Last weekend, political posters went up all over Denmark. On streetlights, on bridges, on train platforms. Politicians fight for the best space. The posters are for the elections in November, and even though the candidates are supposed to take them down afterwards, they usually don’t.
So, the faces on the posters will keep smiling and making promises through Christmas, and throughout the winter snow and ice. Come spring, you’ll see a faded, torn photo of somebody who failed to win anything hanging from a light pole near you.
I like Danish politics, and I follow it, even though I don’t follow Danish sports or entertainment. I like Danish politics because it involves a lot of intelligent women running things, with men standing in the background to help them out.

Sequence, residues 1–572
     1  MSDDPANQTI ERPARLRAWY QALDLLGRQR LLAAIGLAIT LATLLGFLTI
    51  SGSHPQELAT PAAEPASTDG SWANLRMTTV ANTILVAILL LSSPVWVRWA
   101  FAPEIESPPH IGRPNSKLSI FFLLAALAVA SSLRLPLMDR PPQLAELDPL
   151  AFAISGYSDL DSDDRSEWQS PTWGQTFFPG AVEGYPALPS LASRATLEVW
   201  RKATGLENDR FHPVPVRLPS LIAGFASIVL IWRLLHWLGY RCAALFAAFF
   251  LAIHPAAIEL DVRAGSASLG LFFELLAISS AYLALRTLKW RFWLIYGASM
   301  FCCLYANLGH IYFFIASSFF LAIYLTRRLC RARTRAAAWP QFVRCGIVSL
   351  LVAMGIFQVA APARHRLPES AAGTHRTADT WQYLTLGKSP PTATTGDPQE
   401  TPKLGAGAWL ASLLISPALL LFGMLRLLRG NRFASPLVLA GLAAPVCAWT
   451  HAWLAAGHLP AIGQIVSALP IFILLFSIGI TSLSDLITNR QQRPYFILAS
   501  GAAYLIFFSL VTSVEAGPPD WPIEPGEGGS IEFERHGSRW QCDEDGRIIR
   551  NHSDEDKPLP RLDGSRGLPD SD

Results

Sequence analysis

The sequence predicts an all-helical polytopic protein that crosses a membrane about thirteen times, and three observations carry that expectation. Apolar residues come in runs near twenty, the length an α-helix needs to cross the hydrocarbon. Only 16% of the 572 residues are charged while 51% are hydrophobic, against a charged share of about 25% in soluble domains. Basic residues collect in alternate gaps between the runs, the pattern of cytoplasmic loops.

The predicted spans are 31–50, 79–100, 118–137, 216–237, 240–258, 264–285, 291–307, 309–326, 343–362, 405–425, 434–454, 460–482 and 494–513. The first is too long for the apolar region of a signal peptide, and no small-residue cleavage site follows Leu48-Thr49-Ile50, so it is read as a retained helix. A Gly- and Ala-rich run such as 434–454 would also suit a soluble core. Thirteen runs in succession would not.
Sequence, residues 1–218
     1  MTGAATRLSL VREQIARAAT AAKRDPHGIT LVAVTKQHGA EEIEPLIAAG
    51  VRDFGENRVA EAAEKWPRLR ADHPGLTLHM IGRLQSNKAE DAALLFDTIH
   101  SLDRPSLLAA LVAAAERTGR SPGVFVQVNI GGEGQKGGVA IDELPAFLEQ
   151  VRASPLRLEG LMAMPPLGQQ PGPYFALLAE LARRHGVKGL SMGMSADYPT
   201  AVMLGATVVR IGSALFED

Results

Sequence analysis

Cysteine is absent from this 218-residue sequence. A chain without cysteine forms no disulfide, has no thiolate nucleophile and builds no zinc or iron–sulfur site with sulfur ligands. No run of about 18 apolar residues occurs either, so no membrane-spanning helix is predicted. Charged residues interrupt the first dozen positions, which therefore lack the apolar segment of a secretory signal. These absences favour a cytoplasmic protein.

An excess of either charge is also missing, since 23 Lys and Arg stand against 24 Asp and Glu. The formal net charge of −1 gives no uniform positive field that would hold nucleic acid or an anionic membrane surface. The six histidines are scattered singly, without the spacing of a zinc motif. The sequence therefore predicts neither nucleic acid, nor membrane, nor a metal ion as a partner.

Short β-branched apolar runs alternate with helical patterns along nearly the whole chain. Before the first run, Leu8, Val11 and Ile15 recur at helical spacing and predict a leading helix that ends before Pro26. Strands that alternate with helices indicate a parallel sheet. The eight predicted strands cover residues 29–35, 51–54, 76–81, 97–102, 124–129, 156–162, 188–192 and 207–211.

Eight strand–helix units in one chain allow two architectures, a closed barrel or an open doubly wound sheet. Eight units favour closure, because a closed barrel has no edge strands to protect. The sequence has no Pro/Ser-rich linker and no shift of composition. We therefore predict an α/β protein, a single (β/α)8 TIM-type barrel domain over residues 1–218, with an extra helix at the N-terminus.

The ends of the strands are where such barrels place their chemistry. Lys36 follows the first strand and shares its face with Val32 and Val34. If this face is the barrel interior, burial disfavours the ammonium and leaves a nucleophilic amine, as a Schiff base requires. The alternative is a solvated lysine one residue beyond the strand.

Now, to get the voting percentage up, Denmark has given people three months to vote, and you can vote at libraries, in old folks’ homes, in jails, in hospitals, and at McDonalds.
McDonald’s is co-operating with the Danish authorities to get the youth vote out, so candidates will be holding rallies there. And whenever you pick up your Big Mac and fries, you can also cast a vote for the person of your choice.
Image mashup copyright Kay Xander Mellish 2020